We get the opportunity to re-invent retail again.
It’s an interesting ‘glass-half-full’ spin from Walmart, which hasn’t had its troubles to look for in recent times. But after turning in a stronger-than-expected first quarter’s numbers last month, CFO Brett Biggs was in upbeat mood at the Deutsche Bank dbAccess Global Consumer Conference this week.
With Wall Street finally seeing signs that the firm’s turnaround is gaining steam, Biggs was quick to play up the idea that re-invention is something that’s hardwired into Walmart:
We really have 50 years of transformation as a company and serving our customers in different ways. While today we have almost $0.5 trillion in annual revenue, we had very humble beginnings. Our first store opened in 1962 in rural Arkansas and we’ve had tremendous growth since then. We primarily started in rural America, but we knew our customers wanted more from us, so the next part of our evolution was into our membership clubs.
Then began a real transformation for the company and that was with the super-center. Our first super-center opened in 1988 and was probably the greatest invention in retail history and certainly changed the retail landscape in the United States.
Today’s omni-channel retail landscape is rather different, of course, and requires a rethink of metrics for success, he admitted:
Growth used to be just about we talk about building stores or growing comp sales. It looks different today, it’s still about comp sales and it’s still about building stores, but now it’s about mobile e-commerce, it’s about world-class fulfilment capabilities, it’s about developing new services all with the customer in mind.
Walmart currently has just over 11,500 bricks-and-mortar stores in 28 countries, as well as 16 e-commerce websites in 11 different countries along with our mobile applications. This, according to Biggs, positions the firm well to focus on integrating the digital business with the physical business to create what he called “the first seamless shopping experience of scale”.
This includes building out five new fulfilment centers for e-commerce business in order to cut down on delivery times in the face of logistical competition from the likes of Amazon.
As noted last week as Amazon Fresh expanded its footprint in the UK, Walmart is piloting working with Uber and Lyft for deliveries to the front door for customers. This is the latest evolution of Walmart’s move into e-commerce in grocery:
We’ve expanded our Grocery Pickup in the US now to nearly 40 markets about 250 stores. This has been a huge hit for our customers, particularly with busy moms. Busy moms who don’t want to get the kids out of the car to come into a super-center, can go to a super-center and pick up their groceries and have them put in their trunk. They really, really like this.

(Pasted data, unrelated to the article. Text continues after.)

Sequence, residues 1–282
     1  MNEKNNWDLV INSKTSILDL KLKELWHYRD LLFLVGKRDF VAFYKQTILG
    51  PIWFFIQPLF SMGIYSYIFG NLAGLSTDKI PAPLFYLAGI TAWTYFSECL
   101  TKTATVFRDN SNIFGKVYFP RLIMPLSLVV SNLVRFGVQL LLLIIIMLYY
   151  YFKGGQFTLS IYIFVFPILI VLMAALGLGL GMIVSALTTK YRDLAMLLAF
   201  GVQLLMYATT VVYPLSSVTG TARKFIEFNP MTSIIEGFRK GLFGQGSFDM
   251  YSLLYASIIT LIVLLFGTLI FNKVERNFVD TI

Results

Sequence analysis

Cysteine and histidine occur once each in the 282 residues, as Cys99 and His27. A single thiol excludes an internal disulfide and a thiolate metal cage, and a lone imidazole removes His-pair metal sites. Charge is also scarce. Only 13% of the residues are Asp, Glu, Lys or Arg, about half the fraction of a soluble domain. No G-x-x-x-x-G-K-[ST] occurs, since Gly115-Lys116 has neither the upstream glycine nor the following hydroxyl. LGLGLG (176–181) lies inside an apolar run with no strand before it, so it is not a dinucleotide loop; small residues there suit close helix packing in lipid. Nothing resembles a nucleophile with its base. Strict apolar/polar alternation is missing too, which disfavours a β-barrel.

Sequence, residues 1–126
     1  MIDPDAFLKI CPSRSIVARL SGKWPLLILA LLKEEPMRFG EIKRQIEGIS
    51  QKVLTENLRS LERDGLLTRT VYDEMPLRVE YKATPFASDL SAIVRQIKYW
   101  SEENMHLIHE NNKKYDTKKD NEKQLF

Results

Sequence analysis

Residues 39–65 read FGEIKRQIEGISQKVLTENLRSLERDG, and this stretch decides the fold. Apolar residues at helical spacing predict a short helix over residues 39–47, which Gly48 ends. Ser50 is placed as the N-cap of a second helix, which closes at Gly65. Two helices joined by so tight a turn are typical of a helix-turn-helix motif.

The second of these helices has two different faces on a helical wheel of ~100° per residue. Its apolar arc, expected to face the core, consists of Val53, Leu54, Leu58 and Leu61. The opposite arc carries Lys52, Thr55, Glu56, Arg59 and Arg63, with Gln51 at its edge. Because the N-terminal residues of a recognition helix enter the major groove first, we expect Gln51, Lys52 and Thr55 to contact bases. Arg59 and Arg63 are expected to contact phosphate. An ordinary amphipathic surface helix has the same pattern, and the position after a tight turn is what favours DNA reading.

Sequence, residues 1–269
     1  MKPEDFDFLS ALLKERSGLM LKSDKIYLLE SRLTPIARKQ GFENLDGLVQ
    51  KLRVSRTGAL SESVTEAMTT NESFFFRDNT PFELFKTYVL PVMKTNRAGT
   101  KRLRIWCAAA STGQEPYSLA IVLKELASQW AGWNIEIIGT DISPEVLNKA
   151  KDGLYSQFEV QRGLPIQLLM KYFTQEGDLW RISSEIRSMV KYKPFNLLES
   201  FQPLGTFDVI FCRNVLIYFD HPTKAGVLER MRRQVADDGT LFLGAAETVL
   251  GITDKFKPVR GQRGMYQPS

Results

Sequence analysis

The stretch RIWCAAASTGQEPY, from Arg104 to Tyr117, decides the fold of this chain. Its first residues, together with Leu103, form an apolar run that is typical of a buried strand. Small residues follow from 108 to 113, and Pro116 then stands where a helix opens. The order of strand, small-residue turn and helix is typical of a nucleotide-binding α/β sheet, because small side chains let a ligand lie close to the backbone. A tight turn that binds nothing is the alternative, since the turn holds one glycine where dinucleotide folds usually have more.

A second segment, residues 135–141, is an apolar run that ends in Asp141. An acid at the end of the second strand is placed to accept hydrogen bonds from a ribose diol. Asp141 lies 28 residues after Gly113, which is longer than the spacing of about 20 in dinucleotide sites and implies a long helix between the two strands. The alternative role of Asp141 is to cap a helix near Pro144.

Busy dads and busy single people presumably have similar feelings, unless only moms going shopping at Walmart. Whatever the case, the point is that it’s necessary to experiment with the existing models, said Biggs:
As we test initiatives, we’ll be smart about it. We will take our learnings, we will adjust from those learnings, but we’re willing to try new things as a company. We need to be willing to try new things. It’s about serving that customer how they want to be served and trying things differently, so we’re excited about what we’re doing.
A good example is Walmart Pay, the firm’s own payment app, which by the end of this month should be rolled out to the entire chain in the US. It’s an Apple Pay competitor, of course and something of a gamble as it doesn’t use the NFC technology of Apple Pay, Android Pay or Samsung Pay. Whether it wins out in the end remains to be seen.
But whatever happens, digital tech investment is now a given for Walmart. Biggs concluded:
Technology has changed our world. That’s something that no one would refute and it has changed [things]. Our customers shop is changed, how they want to shop and will shop in the future. We’ve continued to invest in technology whether that be enhanced search capability, whether that’s mobile apps around the world, scan-and-go, Sam’s Club or Walmart Pay. We continue to invest in technology. We will continue to invest in technology, so that we can connect that online world with the offline world for our customers, because that’s the sweet spot for us.
Walmart’s got some issues still to address. The US grocery e-commerce market is still very immature, so it’s far too early to judge what will happen there. In the UK, the firm’s ASDA business is under extreme pressure from low-cost discounters Lidl and Aldi, while the ambitions for Amazon Fresh have to be ringing alarm bells. The need for a proprietary online payment method escapes me for the moment.